So the only caveat we have is that “many” people will acknowledge that maybe their minds created the episode. But others say they were real! We have no experts weighing in on the dubious nature of these experiences, no scientists reporting about how they can induce such experiences with drugs or brain stimulation, no Randi-ans who deny any credible evidence for communications from the dead. No, CNN, like those who had these ADCs, seemingly wants to believe they’re real.
And who wouldn’t want to? Books about people coming back from near-death experiences, reporting on the existence of a Heaven that harbors their loved ones, have been best sellers (see one here). Nobody wants to hear that there’s no credible evidence for an afterlife, and that, despite the ubiquity of psychics and seances, that there are no well documented cases of communications from beyond.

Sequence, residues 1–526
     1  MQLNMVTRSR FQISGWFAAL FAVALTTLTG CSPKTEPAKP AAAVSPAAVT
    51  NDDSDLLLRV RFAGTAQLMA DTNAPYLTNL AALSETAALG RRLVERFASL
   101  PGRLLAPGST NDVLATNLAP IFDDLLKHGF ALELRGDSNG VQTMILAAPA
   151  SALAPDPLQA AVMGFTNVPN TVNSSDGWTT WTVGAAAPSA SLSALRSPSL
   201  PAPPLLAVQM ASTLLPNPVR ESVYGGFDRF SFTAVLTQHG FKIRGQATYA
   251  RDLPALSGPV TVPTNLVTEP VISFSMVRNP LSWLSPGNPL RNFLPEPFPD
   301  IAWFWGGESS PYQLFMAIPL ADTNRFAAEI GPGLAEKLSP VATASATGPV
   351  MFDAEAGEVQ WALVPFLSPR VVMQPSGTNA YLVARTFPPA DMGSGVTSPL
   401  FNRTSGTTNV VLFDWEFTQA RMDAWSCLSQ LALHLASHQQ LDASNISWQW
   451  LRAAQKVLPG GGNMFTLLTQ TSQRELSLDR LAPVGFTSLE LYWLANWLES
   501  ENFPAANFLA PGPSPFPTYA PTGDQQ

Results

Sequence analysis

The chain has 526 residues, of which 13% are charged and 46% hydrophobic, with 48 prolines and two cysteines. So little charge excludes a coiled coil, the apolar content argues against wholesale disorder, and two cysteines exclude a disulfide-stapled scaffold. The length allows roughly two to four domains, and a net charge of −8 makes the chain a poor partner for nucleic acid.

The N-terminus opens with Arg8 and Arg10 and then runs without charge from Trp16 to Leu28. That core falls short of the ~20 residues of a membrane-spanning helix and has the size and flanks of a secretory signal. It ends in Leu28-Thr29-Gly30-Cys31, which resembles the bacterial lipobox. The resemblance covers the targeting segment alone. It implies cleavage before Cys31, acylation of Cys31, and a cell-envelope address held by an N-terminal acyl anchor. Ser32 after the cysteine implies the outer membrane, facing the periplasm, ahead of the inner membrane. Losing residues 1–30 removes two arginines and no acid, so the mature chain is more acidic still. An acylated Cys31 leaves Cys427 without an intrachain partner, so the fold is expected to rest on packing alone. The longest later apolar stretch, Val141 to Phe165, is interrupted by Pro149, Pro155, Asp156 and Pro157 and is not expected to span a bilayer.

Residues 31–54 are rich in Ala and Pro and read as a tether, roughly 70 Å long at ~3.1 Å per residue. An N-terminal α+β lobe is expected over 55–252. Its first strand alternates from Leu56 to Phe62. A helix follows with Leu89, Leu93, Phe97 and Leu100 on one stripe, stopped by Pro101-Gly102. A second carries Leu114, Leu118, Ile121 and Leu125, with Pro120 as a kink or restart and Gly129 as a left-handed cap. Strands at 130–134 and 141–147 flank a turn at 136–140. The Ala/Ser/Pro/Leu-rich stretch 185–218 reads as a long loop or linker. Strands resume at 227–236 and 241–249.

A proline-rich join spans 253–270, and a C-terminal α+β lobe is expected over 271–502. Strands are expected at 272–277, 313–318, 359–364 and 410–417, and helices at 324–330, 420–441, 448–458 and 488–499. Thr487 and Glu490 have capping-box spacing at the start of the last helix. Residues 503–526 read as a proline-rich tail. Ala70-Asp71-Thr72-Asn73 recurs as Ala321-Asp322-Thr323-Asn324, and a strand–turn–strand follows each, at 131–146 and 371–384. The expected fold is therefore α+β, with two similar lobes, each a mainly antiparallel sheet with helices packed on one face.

But for CNN to push this palaver as real, without enlisting one skeptic in its article—well, that’s reprehensible. Could it be that this is one effect of postmodernism-derived wokeness: that all “truths” are real, including personal ones?
But regardless of their origin, ADCs are, in the absence of evidence, simple wish-thinking and confirmation bias. I sympathize with the people who have the experiences and think they are real, but yes, it does matter—a LOT—about whether “they’re real or not.” A world with ADCs is a very different world from a naturalistic one in which, when you die, that’s all, folks. Either there’s an afterlife in which you meet your loved ones, or there isn’t, and that matters. If for nothing else, it affects the credibility of many religions.